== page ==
3.2 Output

We can currently read out the entire correlator in 0.25s. Thus you can get $t_{\rm int}=0.25$s for any $\mathcal{N}_{\rm sta}/N_{\rm SB}/N_{\rm pol}/N_\nu$ configuration that satifies eq.(4).

Of course, one disadvantage of short $t_{\rm int}$ and/or large $N_\nu$ is that the size of your output data grows all the more quickly. To look at how big your dataset might become, start with a single board, which outputs 48kB of data per integration, 32kB of which is lag-based correlation data and 16kB of which is header information. Considering only the correlation-function data portion and converting to frequency-space ( $N_\nu = N_{\rm lag}/2$) yields 0.5MB per integration for the whole correlator. We can calculate a fraction of ``equivalent correlator usage":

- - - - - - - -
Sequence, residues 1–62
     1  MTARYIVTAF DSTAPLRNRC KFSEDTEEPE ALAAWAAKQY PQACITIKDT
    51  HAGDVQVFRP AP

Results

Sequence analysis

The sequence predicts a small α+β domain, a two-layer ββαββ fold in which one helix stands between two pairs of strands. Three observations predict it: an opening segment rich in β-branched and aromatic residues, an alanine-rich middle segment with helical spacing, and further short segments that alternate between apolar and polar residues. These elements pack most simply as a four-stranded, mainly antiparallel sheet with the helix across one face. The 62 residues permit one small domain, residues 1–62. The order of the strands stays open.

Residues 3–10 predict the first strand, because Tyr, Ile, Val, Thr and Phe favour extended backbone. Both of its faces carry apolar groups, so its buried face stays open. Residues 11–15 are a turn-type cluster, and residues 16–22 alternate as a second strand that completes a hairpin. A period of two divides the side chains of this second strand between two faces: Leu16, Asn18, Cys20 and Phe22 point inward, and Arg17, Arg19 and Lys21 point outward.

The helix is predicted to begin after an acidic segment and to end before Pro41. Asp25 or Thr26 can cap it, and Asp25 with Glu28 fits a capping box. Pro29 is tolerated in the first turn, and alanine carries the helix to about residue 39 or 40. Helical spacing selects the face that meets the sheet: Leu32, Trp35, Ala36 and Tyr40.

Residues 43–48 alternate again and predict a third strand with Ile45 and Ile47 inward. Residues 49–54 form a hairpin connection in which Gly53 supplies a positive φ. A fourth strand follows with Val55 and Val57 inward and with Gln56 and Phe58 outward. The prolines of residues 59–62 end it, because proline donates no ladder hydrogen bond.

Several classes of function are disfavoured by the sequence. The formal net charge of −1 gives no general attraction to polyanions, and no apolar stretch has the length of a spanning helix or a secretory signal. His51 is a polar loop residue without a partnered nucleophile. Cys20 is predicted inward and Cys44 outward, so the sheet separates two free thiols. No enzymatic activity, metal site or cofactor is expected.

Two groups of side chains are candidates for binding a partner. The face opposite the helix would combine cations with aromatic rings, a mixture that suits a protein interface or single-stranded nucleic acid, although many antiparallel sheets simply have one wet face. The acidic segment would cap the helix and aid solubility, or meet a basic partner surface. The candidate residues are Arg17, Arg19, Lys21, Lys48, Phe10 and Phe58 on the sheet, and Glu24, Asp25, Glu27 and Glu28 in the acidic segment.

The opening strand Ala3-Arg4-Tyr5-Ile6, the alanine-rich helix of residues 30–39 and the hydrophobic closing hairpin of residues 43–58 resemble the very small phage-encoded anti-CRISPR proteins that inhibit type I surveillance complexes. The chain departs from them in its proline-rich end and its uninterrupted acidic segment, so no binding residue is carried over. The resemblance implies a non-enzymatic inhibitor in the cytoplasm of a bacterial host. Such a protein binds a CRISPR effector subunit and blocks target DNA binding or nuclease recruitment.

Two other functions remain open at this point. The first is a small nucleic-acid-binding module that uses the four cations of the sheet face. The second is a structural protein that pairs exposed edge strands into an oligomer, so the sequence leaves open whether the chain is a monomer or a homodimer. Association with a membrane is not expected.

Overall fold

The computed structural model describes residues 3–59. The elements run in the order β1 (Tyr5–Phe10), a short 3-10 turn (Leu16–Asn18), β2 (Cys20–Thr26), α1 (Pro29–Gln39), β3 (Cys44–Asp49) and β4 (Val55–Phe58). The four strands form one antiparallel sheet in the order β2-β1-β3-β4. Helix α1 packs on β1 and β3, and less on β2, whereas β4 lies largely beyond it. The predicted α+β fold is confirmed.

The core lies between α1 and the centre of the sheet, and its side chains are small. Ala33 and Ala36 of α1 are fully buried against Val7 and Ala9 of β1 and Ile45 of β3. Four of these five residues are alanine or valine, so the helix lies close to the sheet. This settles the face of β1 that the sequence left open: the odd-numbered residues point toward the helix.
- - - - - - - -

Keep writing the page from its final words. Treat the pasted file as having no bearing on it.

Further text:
f \quad = \quad \frac{N_{\rm sta}^2 N_{\rm pol} N_{\rm SB} N_\nu}{131072},
\end{displaymath} (5)

where $N_{\rm sta}$ reflects the stations you actually used (i.e., no longer $\mathcal{N}_{\rm sta}$ from eq.4). Introducing $t_{\rm int}$ to convert from per-integration to per-time units, your resulting FITS file would grow as
\simeq \quad \frac{1.75 f}{t_{\rm int}} \mathrm{  GB per hour of observation.}
\end{displaymath} (6)